On another note, ‘victim-blaming’ is useful as a description of the kind of discourses buttressing social privilege, but at the level of US foreign policy it’s almost offensively euphemistic. The whole effort to convince the American public to see the bombing of foreign population centers for decades on end as somehow part of the greater good (or a lesser evil) is mediated by a fuck-ton of different industries, voices and discourses, up and down the whole society. The blame goes not to the victim but to impossibly abstracted categories. The actual victims remain unmentionable, nameless. The few names that do pop up are short-hand for often pages worth of the dead.

  4. I’m not sure it is this simple. I had a student—in a human rights class!—who was a former military interrogator for the Canadian Forces. Some of his work has been partially declassified, so he could talk about it in broad outlines in public. Regardless of what he did, having talked to him quite a bit, he’s definitely not someone I’d classify as being bad or evil. Just as, regardless of what farmers do to tens of millions of chickens and millions of pigs, I don’t think they are bad people (unless they start talking about love, in which case I know they are evil) and as most people know, I don’t think highly of humans in general.

    The student joined the military young (16), I guess because he wanted to be soldier and was recruited into military intelligence when he turned eighteen. And, as these stories go, then the planes flew into the World Trade Centre. Initially, for him, military intelligence sounded interesting and better than the alternatives in the infantry (or whatever). He spent the next seven or eight years chasing down terrorists, “terrorists” and people in the wrong place at the wrong time.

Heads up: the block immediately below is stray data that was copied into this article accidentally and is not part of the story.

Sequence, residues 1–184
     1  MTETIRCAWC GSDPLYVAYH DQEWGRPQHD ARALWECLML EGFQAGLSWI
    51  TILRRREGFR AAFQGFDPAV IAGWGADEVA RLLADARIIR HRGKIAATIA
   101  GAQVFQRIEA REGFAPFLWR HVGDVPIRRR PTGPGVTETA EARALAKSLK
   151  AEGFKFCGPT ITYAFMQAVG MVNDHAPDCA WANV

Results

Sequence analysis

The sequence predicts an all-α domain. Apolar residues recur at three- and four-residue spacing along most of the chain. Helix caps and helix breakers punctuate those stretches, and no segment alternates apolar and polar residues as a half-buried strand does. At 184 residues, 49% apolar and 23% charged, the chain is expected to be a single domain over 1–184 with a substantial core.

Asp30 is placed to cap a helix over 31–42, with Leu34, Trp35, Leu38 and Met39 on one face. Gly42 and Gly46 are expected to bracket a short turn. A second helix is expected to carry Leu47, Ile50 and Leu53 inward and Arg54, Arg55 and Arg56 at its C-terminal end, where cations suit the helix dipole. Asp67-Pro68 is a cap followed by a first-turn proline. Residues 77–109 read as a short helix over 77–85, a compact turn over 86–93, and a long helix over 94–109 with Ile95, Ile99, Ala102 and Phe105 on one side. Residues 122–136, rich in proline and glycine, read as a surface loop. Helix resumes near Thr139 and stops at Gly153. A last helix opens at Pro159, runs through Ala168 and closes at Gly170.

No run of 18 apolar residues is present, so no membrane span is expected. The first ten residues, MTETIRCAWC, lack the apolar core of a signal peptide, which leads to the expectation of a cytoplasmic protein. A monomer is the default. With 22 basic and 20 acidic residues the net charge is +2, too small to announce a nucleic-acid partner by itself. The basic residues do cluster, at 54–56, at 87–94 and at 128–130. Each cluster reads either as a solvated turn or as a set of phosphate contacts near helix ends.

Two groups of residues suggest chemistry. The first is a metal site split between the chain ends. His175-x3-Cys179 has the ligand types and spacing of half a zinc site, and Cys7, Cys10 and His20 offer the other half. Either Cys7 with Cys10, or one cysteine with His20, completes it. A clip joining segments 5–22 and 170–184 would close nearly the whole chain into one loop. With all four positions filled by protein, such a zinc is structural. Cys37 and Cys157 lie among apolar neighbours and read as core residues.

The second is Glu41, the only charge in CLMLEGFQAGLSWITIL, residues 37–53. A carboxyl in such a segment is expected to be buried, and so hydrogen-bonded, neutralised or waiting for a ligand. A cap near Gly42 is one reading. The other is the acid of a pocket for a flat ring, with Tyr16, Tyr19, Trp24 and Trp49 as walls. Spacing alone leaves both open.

His task was to collect suspects on site and “process” them between capture and detention. (i.e., SEAL, JTF-2, DELTA forces break open the door, take down the people inside, and then collect suspects.) Field interrogations. He chose who would be taken, who would be left behind and, presumably, if anyone would be killed on site. In his case, physical torture was not usually an option given he only had a day or two with the people. If they weren’t responsive to questioning, he’d use various psychological techniques: change feeding schedules, darkness, light, sound, etc. Sometimes stress positions would be used. These, of course, are painful. When he was a guest speaker in a class of mine, he had some very fit students volunteer to sit against the wall and see how long they lasted–not very long. But no matter how unfit you are, if you think you’ll be killed if you fail to sit, you’ll last a long time.

    In his view, stress positions did not constitute torture in the legal sense; i.e., were not prohibited under international or Canadian law, but he was certain that waterboarding did constitute torture. Given that he did SERE, I gather he’s experienced both for himself. As an interrogator—taking a professional stance—he felt that if you “had” to waterboard or that if you felt you “had” to waterboard, you had failed. Questioning and less torturous techniques are more effective.

    I gather most readers are likely shocked at this point, but where the area becomes grey (if not black) for me is how blasé he was about the fate of the people he interrogated: he never asked, never really cared, and assumed they either ended up at Guantanamo or their bodies were dumped on the side of the road or thrown from a helicopter. Clear bureaucratic compartmentalizing of the process: he’s not responsible for who the special forces kill on the raid and he’s not responsible for what happens after they are with him, but he is responsible while he’s interrogating them. Like people on this blog like to say, “at least it’s an ethos.”